Investment Update: February 2022
Given the recent market volatility, I want to update you on how we are managing your portfolios.
We are reviewing each account and making any necessary adjustments to reflect your personal investment strategies.
Update on Your Investments
As recently mentioned in the quarterly newsletter in January, your investments entered the new year with a moderately cautious stance. High valuations, less favorable growth, and rising interest rates motivated us to enter the year with some caution.
A month later, we still remain of that view, though we have made some tweaks in your portfolios.
We increased allocations to precious metals by increasing gold and adding silver. Both of these metals might benefit from several things. Persistent inflation, questions about the US Dollar, and rising macro risk (mainly economic, potentially geopolitical) potentially might offer positive diversification. (In other words, precious metals in certain situations might offer positive returns even with choppy equity and fixed income markets. Naturally, precious metals might also lag if markets were to resume a solid rise, as they did in 2021.)
Consequently, we have also raised cash and reduced exposure to fixed income. Despite the recent increase in market interest rates, they still do not appear attractive. When adjusted for inflation, interest rates of 10-year bonds remain negative. We would anticipate using cash to make further adjustments to portfolios.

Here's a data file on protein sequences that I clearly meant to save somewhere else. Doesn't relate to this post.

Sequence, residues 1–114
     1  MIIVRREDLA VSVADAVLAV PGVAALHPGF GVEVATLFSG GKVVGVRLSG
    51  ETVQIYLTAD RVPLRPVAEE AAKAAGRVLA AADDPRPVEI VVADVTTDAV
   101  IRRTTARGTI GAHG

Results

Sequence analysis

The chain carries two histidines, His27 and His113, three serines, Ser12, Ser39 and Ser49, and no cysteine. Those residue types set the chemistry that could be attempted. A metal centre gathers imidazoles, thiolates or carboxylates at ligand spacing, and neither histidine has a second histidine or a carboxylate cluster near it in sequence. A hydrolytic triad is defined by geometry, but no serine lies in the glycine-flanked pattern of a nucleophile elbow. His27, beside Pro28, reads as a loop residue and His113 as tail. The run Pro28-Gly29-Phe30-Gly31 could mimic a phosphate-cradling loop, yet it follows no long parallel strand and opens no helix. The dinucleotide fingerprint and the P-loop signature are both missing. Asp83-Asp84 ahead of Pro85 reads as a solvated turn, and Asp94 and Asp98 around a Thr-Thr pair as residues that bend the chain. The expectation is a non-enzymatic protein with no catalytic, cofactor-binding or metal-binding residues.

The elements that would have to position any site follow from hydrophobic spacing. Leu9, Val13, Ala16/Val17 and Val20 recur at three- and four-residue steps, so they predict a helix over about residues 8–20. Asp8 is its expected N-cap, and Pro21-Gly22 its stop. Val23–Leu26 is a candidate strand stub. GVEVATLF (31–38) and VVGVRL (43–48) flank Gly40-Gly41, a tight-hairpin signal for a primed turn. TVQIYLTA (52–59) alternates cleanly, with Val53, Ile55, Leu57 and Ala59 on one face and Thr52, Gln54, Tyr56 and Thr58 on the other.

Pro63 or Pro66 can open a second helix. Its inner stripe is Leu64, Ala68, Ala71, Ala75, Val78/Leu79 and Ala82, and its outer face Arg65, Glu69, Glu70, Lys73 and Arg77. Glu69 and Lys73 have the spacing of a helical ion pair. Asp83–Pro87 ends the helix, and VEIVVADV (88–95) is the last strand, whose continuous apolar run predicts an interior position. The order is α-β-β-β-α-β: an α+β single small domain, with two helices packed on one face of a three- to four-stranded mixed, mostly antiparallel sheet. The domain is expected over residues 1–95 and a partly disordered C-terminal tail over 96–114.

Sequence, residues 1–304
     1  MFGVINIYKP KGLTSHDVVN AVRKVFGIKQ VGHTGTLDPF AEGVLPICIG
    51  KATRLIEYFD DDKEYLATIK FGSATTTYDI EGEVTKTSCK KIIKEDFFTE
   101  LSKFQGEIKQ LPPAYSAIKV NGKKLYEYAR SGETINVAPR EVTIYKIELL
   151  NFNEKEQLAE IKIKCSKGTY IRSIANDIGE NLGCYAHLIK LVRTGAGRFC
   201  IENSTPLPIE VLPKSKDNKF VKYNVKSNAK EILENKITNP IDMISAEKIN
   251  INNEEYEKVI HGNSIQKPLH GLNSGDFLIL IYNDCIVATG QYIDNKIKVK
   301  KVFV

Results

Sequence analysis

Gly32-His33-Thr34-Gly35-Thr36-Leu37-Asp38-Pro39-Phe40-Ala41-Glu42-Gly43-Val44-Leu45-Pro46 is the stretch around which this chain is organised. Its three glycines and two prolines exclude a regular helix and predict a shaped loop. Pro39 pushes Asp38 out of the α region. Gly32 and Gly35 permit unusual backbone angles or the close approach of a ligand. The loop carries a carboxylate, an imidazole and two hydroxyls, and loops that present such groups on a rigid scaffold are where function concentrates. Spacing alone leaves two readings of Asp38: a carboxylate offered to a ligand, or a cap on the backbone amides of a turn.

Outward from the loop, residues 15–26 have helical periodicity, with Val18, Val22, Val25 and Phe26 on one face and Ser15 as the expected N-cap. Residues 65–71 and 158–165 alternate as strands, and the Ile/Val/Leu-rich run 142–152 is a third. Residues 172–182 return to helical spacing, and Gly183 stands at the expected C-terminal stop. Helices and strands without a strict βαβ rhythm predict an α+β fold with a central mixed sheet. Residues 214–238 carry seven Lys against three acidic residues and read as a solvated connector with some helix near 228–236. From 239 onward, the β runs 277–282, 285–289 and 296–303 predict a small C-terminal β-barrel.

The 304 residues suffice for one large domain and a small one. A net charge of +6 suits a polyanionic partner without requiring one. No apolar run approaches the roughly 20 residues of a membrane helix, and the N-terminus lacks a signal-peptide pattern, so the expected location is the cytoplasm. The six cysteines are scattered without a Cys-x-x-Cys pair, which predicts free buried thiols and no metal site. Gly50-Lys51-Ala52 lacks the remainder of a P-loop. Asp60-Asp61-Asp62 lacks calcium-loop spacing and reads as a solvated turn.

Your existing exposure outside of traditional equity and fixed income might also provide diversification benefits. Your investments in alternatives, including broad commodities and a hedged long/short manager, might continue to offer returns that do not move with falling stock and bond prices.
On a selective basis, we have also done some tax harvesting. Given most assets appreciated in 2021, it was difficult to find opportunities to pass on tax savings to those of you with taxable accounts. In contrast, 2022 has offered some opportunities.
Realizing tax losses while maintaining (or reducing) investment positions might allow flexibility later in the year for us to reallocate risk. For instance, in some cases, we might choose to sell shares with gains that would be offset by the realized losses taken now. If we do not do anything for the rest of 2022, taxable investors might gain the benefit of capital losses on their taxes filed next year.
How are we able to do this?
The plethora of investments in today’s markets give taxable investors a lot of flexibility. It is possible, for example, to maintain one’s exposure to large US stocks and harvest capital losses. One could sell one Exchange Traded Fund (“ETF”) and buy a different ETF with similar (or identical) exposure.
We remain vigilant of market risks and opportunities. Our bias remains moderately cautious, particularly on most fixed income and equities. As opportunities or risks present themselves, we anticipate making more changes to your portfolios.